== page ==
This brought back some memories for me. I have a traditionally male name (Evan) and it’s shocking how unnerved that makes people. Everything from purposely mispronouncing my name (to something more “feminine”) to asking why my parents “would do that” to me to outright anger over my name dominated great parts of my childhood leading me to going by my middle name (Elizabeth) for almost a year. I remember coming home one day crying because a teacher flat out refused to call me by my name (instead calling me “Even”). Or when in high school I started dating a boy named Evan (which was interesting) and friends and even a couple teachers told me I should go by Elizabeth since it would be too weird to have Mr. and Mrs. Evan Smith and have it literally be Evan Smith and Evan Smith (since, “of course”, I would take his last name and I had no right to be named Evan).

    I feel for this girl who learned, though violence, that gender policing can even attack your name. I hope she learns, as I have, that her name is beautiful and hers and that she should love it and embrace it despite other people’s discomfort.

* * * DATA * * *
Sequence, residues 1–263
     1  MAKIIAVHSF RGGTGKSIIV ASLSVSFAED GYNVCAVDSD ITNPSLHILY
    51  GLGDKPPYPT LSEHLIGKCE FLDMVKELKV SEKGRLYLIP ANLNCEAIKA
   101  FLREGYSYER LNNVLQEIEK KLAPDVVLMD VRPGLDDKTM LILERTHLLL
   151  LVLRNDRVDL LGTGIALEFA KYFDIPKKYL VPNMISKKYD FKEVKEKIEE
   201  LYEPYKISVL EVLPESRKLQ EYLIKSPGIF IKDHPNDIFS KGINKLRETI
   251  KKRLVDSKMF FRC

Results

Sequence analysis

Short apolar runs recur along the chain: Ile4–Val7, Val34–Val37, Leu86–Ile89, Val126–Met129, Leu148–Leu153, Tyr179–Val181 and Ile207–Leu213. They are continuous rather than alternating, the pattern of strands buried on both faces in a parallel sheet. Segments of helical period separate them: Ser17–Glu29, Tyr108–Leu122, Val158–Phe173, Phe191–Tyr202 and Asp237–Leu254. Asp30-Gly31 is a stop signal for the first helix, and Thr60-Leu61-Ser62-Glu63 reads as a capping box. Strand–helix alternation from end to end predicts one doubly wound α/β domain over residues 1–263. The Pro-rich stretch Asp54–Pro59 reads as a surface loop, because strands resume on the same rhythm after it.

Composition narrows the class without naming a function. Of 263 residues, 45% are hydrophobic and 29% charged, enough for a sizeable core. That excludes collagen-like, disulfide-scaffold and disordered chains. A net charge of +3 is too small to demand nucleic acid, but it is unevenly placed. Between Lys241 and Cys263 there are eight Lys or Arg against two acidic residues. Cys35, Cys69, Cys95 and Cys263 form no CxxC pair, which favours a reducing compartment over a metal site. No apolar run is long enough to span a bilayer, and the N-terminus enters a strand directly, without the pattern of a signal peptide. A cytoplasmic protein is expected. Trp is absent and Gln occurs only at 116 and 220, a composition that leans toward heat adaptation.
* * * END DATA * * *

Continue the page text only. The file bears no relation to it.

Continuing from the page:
• Posted November 22, 2010 at 6:47 pm | Permalink

      I am so sorry this happened to you. Kids can be cruel, and they learn it from others. Sadly, gender policing still occurs, and is often viewed as justifiable. We’re taught to group people in every way, and not being able to do this frustrates and enrages people.

      There’s so much in your comment to address. Like the teacher who insisted on calling you “Even”. What, she thought her refusal would force your parents to alter your birth certificate to something she found more acceptable? Did she think you stole her grade book on the first day of school and changed your name as a joke? Come on! Besides, what kind of message is that for grade school kids? “You can call someone something other than their name if you don’t like their name?”

      As to “how your parents could do this to you,” what, pick a lovely name that they like and give it to their offspring, as is every parent’s right?